At drinks after 37 overs Sri Lanka were 153 for three, but the very next ball after the break he drove Brentís slower ball straight to Olonga at mid-off, his third false shot in as many balls. The stand was worth 95, of which Arnold made 37. Atapattu (69) soon followed, slashing at Olonga outside the off stump and snicking a catch to the keeper, and Sri Lanka were 160 for five, both batsmen out in quick succession just as they were preparing to carry out a major assault.

Chandana was immediately close to being run out by a direct hit backing up too far; the third umpire decided in his favour although the camera appeared to show his bat in the air at the vital moment and this decision was to prove important. Dilshan hit a superb four over extra cover off Brent, but generally the batsmen struggled to dominate the accurate Zimbabwe bowling and a couple of mistimed strokes eluded fielders. The 200 came up only at the end of the 46th over, with a leg-side snick by Chandana.

Dilshan off-drove Olonga powerfully for four, then Chandana (26) hit a huge skyer which was safely taken by Brent on the midwicket boundary, making Sri Lanka 208 for six, while Dilshan (27) gave Olonga his fourth wicket of the innings when he stepped right across his stumps trying to turn a straight ball to leg, and was bowled; Sri Lanka were 222 for seven.

This left Sri Lanka with only tail-enders to play out the innings, but Wickramasinghe and Vaas hit superbly, 19 coming off Brentís last over, including sixes by Vaas over midwicket and Wickramasinghe straight off the final ball. Sri Lanka finished on 248 for seven (Vaas 11, Wickramasinghe 19).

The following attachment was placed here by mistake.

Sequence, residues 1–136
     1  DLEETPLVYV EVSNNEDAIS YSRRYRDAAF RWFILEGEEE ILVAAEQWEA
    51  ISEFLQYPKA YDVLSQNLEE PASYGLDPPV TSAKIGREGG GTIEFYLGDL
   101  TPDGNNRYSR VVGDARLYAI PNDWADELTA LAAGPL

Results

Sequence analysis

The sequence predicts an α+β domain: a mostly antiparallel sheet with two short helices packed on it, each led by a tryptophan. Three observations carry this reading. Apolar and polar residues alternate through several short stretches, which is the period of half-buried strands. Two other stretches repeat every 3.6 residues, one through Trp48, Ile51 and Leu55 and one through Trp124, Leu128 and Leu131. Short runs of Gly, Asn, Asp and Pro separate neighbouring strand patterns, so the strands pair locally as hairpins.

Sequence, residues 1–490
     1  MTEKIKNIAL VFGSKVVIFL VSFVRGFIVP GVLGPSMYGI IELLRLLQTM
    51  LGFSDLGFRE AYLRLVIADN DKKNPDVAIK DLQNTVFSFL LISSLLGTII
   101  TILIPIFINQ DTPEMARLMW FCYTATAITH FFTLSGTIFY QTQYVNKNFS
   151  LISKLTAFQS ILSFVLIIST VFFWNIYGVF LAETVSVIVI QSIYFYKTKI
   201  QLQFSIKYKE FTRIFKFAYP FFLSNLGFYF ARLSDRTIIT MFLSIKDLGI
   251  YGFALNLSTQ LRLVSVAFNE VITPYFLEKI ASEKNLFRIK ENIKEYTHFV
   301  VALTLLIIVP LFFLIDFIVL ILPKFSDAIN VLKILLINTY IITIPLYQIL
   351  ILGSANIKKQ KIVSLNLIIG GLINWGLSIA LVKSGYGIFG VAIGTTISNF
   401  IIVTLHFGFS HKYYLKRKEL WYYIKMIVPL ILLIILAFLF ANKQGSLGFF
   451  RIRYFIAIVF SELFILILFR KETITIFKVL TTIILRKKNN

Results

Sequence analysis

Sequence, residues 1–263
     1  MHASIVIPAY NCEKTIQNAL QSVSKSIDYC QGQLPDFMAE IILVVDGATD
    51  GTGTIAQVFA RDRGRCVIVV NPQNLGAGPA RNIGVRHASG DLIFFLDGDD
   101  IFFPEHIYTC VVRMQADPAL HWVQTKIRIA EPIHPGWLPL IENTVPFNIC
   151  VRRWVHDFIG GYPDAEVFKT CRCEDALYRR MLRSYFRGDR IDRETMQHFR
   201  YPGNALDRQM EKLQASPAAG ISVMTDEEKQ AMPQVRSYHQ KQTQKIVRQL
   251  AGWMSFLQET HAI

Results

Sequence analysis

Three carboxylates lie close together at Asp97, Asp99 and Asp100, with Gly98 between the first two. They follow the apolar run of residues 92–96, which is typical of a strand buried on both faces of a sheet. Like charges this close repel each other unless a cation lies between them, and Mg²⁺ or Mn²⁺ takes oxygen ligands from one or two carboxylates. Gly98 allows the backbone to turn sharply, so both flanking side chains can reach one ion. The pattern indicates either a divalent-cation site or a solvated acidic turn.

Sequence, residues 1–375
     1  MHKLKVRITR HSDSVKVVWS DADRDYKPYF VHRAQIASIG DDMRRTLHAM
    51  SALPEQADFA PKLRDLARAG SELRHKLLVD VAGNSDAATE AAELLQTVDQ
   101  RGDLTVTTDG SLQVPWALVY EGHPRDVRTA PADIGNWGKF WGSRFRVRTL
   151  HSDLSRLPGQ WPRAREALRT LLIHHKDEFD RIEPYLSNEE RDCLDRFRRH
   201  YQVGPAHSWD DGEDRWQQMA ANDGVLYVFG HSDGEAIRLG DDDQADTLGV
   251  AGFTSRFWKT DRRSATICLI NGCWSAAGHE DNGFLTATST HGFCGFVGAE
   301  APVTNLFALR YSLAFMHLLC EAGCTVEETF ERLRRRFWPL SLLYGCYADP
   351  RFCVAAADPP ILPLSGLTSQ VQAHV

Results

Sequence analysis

Campbell and Grant Flower began in fine style for Zimbabwe, driving confidently and powerfully, and it was hard to believe how these two have struggled for runs this season. They hit some classic boundaries on the off side in particular and ran well between the wickets, while Campbell lofted Wickramasinghe high over wide long-on for six. While they were there Zimbabwe looked more than ready to challenge any target, as they were producing perhaps the best Zimbabwe batting seen all season.

Immediately after the drinks break, though, came the turning point that destroyed the match for Zimbabwe in no time at all. Flower turned a ball to square leg and called for a run, then changed his mind, but Campbell(37) was committed and ran through, nobly sacrificing his wicket, to be run out by Chandana, throwing in from midwicket; Zimbabwe 81 for one. Goodwin got off the mark by top-edging a sweep that cleared Jayasuriya at short fine leg by the narrowest of margins.